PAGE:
Food historian reveals how diners went from a sparse meal of root veg in the 1920s to quaffing prosecco in this decade.

With the decade coming to an end, many people will be tucking into what they deem a ‘traditional’ turkey dinner this year, with trimmings of winter vegetables, pigs in blankets and roast potatoes. But the Christmas dinner has not always been this way and 100 years ago many would tuck into a vegetarian meal on December 25th instead.

Throughout the years, food trends would dictate what was on a Christmas dinner plate, with fondue and prawn cocktail being a popular choice in the 1970s, while poultry didn’t become a staple until the sixties.

London-based food historian Tasha Marks has given her insight into the changing festive feasts over the years…



‘Back in the early twentieth century, Christmas wasn’t all about the turkey centrepiece and in fact, a lot of families had vegetarian Christmases as meat was not guaranteed on the Christmas table. In the 1920s, Christmas was still a fantasy for many children.

‘The festive period has always been a time of luxury, so people would save up to be able to afford meat on Christmas day. However, it wasn’t possible for everyone as meat was more of a rarity during the shortages of the interwar years. Root vegetables and seasonal eating united us all. As true now as it was then, winter Christmas feasting meant seasonal root vegetables such as parsnips, carrots and sprouts were in abundance.

A Christmas dinner goose was out of the reach of many but each child would have got an orange and perhaps some sweets and a small toy. However, for those Christmas luxuries, the working classes depended on the kindness of others; charities, companies and businesses would put on parties for their employees and their children, and even the workhouses would provide some extra treats such as tea for the women and tobacco for the men.


The 1930s was all about zero-waste with nothing thrown away, something we could all learn from now! Think festive soups incorporating potato peels and turkey carcasses, and mincemeat bulked out with grated carrot.

‘Canned food, pickles and chutneys were all the rage, as well as something of a necessity. Not everyone had a new-fangled refrigerator yet, so rather than a bulging festive fridge, imagine a fully stacked kitchen larder.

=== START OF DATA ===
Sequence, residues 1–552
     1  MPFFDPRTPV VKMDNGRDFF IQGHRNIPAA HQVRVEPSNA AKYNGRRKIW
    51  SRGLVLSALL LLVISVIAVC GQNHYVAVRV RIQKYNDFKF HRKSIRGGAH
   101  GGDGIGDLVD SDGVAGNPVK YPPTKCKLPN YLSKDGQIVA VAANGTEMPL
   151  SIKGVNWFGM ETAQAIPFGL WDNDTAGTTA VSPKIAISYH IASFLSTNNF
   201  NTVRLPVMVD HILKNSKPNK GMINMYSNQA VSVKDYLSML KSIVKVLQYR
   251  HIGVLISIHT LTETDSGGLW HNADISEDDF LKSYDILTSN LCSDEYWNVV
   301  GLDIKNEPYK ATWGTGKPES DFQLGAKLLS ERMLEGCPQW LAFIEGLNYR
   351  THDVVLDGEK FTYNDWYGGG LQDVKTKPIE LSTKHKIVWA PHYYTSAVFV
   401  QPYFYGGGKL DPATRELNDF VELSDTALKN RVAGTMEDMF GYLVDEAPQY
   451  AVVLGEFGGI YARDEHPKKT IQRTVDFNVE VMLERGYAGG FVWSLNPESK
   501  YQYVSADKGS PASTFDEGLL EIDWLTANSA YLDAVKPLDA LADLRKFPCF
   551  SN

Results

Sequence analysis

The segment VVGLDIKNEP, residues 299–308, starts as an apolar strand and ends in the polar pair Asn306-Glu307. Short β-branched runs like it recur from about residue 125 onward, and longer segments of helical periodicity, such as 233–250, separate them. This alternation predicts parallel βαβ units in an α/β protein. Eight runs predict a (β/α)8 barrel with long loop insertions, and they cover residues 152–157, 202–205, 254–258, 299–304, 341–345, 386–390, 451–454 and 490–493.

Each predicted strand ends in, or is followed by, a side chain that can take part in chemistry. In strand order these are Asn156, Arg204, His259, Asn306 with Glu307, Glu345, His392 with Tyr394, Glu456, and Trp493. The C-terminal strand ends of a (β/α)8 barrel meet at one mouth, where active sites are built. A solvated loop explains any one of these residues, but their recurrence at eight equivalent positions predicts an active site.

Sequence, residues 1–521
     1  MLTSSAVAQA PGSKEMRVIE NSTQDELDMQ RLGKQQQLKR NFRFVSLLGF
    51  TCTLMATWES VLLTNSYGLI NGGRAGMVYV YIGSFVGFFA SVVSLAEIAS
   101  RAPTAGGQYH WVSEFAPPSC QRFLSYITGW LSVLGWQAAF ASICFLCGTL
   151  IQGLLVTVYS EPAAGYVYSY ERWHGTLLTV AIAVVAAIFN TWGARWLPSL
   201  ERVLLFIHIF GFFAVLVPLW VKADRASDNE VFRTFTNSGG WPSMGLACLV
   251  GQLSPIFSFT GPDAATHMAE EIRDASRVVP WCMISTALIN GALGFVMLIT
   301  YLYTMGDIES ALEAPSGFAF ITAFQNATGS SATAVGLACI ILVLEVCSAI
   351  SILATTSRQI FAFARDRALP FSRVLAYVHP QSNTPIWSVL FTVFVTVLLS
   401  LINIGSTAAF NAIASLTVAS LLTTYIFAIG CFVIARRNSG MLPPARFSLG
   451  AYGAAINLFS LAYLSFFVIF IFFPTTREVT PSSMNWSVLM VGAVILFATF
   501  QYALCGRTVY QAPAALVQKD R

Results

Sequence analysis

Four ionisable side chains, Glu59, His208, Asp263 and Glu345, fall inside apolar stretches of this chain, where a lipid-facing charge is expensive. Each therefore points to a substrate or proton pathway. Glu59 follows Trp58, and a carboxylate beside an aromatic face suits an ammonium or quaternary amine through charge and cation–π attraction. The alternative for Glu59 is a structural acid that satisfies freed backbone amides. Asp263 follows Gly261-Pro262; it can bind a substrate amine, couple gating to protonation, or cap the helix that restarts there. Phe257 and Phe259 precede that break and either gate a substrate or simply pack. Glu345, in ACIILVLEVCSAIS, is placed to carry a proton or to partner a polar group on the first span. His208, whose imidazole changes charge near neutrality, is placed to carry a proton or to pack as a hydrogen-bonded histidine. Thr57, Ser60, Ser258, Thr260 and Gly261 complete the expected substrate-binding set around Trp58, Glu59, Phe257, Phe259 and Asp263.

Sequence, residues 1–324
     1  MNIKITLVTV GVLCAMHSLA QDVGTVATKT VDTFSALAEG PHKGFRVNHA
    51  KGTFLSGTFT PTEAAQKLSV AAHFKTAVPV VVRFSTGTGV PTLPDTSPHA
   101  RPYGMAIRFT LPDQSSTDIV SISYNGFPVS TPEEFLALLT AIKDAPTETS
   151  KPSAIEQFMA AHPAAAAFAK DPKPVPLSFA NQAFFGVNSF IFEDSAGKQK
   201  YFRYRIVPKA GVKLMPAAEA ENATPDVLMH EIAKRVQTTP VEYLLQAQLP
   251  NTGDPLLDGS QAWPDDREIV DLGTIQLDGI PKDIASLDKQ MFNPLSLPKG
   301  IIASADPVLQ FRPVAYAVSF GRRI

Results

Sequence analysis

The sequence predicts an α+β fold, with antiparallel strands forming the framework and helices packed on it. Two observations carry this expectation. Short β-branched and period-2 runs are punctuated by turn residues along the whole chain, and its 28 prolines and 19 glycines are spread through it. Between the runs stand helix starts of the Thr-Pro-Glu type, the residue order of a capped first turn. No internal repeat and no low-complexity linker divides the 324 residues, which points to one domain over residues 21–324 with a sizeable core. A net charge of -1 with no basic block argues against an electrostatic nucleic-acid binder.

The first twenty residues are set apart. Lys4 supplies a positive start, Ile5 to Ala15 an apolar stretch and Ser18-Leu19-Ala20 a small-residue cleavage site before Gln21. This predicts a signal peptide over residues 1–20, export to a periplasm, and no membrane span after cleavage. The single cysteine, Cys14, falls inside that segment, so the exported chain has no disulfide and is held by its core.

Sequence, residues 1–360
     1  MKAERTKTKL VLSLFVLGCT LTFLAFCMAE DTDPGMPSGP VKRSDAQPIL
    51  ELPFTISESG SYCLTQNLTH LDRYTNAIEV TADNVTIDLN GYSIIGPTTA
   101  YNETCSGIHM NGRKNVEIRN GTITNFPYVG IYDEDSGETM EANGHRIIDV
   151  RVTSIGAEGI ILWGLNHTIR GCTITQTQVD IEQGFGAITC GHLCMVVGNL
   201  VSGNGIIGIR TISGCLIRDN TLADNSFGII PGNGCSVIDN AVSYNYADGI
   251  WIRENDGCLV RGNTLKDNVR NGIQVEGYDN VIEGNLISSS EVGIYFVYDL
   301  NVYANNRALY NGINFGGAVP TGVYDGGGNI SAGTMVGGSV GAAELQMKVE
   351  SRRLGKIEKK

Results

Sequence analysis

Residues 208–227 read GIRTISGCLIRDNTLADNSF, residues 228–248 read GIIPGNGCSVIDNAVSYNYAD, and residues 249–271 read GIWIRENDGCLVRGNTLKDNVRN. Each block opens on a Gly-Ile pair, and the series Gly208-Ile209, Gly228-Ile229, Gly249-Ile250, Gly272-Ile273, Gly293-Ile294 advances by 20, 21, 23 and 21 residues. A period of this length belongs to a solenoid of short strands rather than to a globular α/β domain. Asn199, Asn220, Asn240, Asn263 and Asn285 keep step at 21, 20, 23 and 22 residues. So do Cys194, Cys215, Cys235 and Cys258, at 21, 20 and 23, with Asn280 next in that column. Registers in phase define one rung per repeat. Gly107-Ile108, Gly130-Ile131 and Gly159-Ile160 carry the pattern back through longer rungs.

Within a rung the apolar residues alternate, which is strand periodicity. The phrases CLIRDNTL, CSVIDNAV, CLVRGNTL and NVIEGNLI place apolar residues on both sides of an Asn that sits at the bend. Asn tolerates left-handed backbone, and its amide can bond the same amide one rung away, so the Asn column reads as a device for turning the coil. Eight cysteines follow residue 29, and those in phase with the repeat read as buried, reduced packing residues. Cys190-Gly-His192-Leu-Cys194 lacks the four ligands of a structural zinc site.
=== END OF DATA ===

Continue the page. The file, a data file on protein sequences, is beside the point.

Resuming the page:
‘Christmas is becoming a more and more important part of family life, and this is also the first time we hear a monarch address the nation on Christmas Day, since Christmas speech has become an integral part of British Tradition and families gather around the wireless to listen.

‘Canned food, pickles and chutneys are all the rage, as well as something of a necessity – since kitchens do not feature fridges yet. It was also the decade that tin-based meat product first hit the shelves The Canned Foods Advisory Bureau suggested each house had a surplus of flour, tea, cocoa, coffee, sugar, cereals and dried fruit, to be kept in metal containers with tightly fitting lids.

‘In the inter-war years food was still a primary concern, learning from the mistakes of World War I and feeling another conflict in the air, the government stockpiled sugar and wheat and encouraged people to stockpile food at home.


‘The 1940s were the key rationing years for Great Britain. World War II ended in 1945 but rationing carried on until 1954. Christmas cards doubled in price because there was a 100 per cent tax on them to save paper, only one family in 10 had a turkey, but near Christmas everyone got an extra ration of sugar and fat.

‘Vegetables remained unrationed, so carrot was a mainstay in any Christmas cake or Christmas pudding recipe, plus mashed potatoes in pastry, apples to bulk out mincemeat, or occasionally savoury dishes as in the revolting sounding ‘Mock Goose’ – made from layers of potatoes and apples, flavoured with sage and sprinkled with cheese.

‘For centuries, gardeners and smallholders kept poultry and the odd pig or two for their own house use. The powers that be recognised that such practices would continue come what may, so they encouraged groups of people to form clubs, to buy, feed and look after pigs.

‘The pigs were fed mostly with scraps from homes, cafés, bakeries, and anything edible that came to hand. Clubs were allowed to purchase, legally, small rations of feed or corn, to supplement this meagre diet. When the pigs were ready for slaughter, half of the carcasses were sold to the Government, to help with the rationing, and the remainder was divided between Club members, as either pork or bacon. They might have had chicken, beef or pork. Even in smaller portions, meat would be a feature where possible!